The Two Noble Kinsmen

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Original text
Florish.
New Playes, and Maydenheads, are neare a kin,

Much follow'd both, for both much mony g'yn,

If they stand sound, and well: And a good Play

(Whose modest Sceanes blush on his marriage day,

And shake to loose his honour) is like hir

That after holy Tye, and first nights stir

Yet still is Modestie, and still retaines

More of the maid to sight, than Husbands paines;

We pray our Play may be so; For I am sure

It has a noble Breeder, and a pure,

A learned, and a Poet never went

More famous yet twixt Po and silver Trent.

Chaucer (of all admir'd) the Story gives,

There constant to Eternity it lives;

If we let fall the Noblenesse of this,

And the first sound this child heare, be a hisse,

How will it shake the bones of that good man,

And make him cry from under ground, O fan

From me the witles chaffe of such a wrighter

That blastes my Bayes, and my fam'd workes makes lighter

Then Robin Hood? This is the feare we bring;

For to say Truth, it were an endlesse thing,

And too ambitious to aspire to him;

Weake as we are, and almost breathlesse swim

In this deepe water. Do but you hold out

Your helping hands, and we shall take about,

And something doe to save us: You shall heare

Sceanes though below his Art, may yet appeare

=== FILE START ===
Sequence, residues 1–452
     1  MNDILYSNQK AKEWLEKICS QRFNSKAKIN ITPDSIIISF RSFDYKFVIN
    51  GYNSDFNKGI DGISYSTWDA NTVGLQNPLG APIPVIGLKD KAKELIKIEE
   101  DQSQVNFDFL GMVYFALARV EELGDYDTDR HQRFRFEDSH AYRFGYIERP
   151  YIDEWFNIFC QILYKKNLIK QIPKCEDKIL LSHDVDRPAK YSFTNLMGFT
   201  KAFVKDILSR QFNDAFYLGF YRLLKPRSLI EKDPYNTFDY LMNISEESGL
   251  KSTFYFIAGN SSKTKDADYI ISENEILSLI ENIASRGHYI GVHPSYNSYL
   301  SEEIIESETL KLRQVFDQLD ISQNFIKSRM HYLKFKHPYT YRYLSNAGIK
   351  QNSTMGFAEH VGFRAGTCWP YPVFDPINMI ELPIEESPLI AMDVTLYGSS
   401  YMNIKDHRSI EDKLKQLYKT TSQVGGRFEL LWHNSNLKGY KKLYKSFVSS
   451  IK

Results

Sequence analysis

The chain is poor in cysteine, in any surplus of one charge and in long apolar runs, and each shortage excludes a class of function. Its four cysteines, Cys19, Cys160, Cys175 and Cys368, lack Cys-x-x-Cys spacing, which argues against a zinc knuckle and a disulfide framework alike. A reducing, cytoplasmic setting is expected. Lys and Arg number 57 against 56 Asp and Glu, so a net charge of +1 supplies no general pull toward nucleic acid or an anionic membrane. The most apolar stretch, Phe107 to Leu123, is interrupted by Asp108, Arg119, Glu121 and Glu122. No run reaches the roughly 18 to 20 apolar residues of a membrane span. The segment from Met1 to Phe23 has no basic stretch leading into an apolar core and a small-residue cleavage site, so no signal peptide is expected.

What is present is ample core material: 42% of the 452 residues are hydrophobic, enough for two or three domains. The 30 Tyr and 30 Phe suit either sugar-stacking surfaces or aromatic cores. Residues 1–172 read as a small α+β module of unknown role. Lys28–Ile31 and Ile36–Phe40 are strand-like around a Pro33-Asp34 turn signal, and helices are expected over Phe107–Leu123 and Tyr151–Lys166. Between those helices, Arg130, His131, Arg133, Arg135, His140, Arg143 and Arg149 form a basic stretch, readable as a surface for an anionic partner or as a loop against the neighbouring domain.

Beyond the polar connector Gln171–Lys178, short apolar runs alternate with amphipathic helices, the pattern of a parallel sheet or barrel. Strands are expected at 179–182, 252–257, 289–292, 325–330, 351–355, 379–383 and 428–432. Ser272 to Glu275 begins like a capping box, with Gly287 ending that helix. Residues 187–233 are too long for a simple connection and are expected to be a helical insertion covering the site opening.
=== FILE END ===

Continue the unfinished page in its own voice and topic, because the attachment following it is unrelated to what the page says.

Worth two houres travell. To his bones sweet sleepe:

Content to you. If this play doe not keepe,

A little dull time from us, we perceave

Our losses fall so thicke, we must needs leave.

Florish.

PROLOGVE.
Modern text
Flourish
New plays and maidenheads are near akin,
Much followed both, for both much money gi'en,
If they stand sound and well. And a good play –
Whose modest scenes blush on his marriage day,
And shake to lose his honour – is like her
That after holy tie and first night's stir
Yet still is modesty, and still retains
More of the maid to sight than husband's pains.
We pray our play may be so; for I am sure
It has a noble breeder, and a pure,
A learned, and a poet never went
More famous yet 'twixt Po and silver Trent.
Chaucer, of all admired, the story gives;
There constant to eternity it lives.
If we let fall the nobleness of this,
And the first sound this child hear be a hiss,
How will it shake the bones of that good man,
And make him cry from under ground, ‘ O, fan
From me the witless chaff of such a writer
That blasts my bays and my famed works makes lighter
Than Robin Hood!’ This is the fear we bring;
For, to say truth, it were an endless thing,
And too ambitious, to aspire to him.
Weak as we are, and almost breathless swim
In this deep water, do but you hold out
Your helping hands, and we shall tack about,
And something do to save us; you shall hear
Scenes, though below his art, may yet appear
Worth two hours' travail. To his bones sweet sleep;
Content to you. If this play do not keep
A little dull time from us, we perceive
Our losses fall so thick we must needs leave.
Flourish. Exit
PROLOGUE
SHAKESPEARE'S WORDS © 2020 DAVID CRYSTAL & BEN CRYSTAL